A key element of any international effort must be Turkey. The Turks have one of the largest and best trained armies in Europe and the Middle East, and have taken in Syrian refugees, but they are sadly blinded by their anti-Kurd history. The strange thing is their inaction to protect thousands of Kurds who face imminent death now is destroying their effort to draw Turkish Kurds into reconciliation. This blindness will exacerbate their long-term security if ISIS reigns supreme on their borders and the Kurds turn to vengeance for this unforgivable act.

America and its allies need to make it clear to Turkey how counterproductive and dangerous this game is and point out the advantages for stability and security for the entire region of a unified effort against ISIS and leave Assad for another day, as his regime is destined to fall one day. We should, as the Turks want, agree to some kind of “de facto” limited humanitarian “no-fly zone” along the border as desirable and feasible to protect refugees trying to escape the warzone. The entire international community needs to do more to help and protect these refugees.

We welcome your comments!


  1. Harry C. Blaney III October 19, 2014 / 10:46 PM

    Old Europe,

    Both “Old Europe” and “ New Europe” have seen their share of wars, catastrophes, and tragedy over the centuries and especially in the 20th century. This cycle was mitigate by the constructive action by the allies including America who decided not to turn our back on “Old Europe” and create a “New Europe” that was democratic, safe, free and prosperous. This include “soft power” or the Marshall Plan, World Bank, OECD, and in time, the EU which America supported. The “hard power” part had to do with another organization that provided an American guarantee of the security of Europe but also a commitment of each member to the security of each other member, namely NATO.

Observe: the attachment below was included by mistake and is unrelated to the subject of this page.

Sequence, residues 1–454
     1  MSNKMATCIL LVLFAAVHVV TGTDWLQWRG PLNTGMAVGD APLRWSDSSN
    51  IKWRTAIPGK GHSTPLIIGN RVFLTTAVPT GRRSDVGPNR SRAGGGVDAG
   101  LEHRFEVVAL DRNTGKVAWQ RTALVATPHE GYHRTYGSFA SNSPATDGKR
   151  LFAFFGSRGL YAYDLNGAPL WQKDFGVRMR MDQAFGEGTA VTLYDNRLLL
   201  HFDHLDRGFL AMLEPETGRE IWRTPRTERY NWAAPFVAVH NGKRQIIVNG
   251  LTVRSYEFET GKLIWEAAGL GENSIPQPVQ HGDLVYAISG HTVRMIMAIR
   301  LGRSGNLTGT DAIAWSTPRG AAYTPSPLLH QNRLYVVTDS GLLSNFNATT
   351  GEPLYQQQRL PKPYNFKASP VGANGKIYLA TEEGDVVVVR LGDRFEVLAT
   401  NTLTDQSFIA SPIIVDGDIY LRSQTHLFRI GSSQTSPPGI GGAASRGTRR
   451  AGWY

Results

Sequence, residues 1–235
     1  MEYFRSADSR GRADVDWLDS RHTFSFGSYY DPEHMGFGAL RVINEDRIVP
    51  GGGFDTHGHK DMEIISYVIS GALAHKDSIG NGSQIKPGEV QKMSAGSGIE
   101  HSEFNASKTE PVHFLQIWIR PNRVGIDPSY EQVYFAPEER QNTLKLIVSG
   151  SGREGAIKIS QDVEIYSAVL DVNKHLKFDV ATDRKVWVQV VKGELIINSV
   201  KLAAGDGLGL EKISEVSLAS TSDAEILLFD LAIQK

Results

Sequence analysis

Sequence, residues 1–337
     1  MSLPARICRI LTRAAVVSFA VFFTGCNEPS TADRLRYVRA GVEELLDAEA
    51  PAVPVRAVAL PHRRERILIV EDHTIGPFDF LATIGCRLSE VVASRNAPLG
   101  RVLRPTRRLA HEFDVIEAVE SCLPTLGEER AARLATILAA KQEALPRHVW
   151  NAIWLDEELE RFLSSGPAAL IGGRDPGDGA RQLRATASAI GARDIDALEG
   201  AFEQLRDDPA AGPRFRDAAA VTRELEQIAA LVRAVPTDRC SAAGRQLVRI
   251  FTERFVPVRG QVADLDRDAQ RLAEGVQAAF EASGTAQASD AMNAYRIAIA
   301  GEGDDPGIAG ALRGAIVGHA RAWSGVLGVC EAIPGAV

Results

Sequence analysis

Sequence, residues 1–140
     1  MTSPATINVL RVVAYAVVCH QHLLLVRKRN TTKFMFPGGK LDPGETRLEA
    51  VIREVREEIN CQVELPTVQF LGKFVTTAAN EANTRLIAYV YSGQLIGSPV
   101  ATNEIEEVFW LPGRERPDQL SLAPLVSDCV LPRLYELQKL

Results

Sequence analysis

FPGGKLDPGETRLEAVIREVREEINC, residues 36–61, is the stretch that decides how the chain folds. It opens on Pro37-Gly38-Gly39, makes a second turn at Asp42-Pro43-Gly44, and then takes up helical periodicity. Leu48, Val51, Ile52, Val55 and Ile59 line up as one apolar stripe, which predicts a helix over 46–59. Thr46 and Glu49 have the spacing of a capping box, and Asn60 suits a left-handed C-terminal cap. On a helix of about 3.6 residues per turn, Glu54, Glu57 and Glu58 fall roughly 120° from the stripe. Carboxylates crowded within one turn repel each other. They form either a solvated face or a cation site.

We did the same in a different way for Japan and South Korea. In none of these efforts were there any effort to create an “American Empire” but an effort to make the world safer than we found it at the start of WW II for us all including the USA.

    The so-called “caliphate” or ISIS or Islamic State, chose your name its still one of the most destructive forces in the Middle East bringing the same terror and destruction Europe saw in WW II to this already region filled with upheavals

    In Kobane we see the threat to not only the lives of thousands of Kurds that deserve protection including under the UN mandate of the “responsibility to protect.” But on a larger scale a mandate of civilized nations and citizens not to see civilian people slaughted in large numbers while one has the ability to stop such acts. That is not the responsibility of just the US but of the entire international community. But we have not found a fully effective mechanism which can institutionalize such an multilateral effort.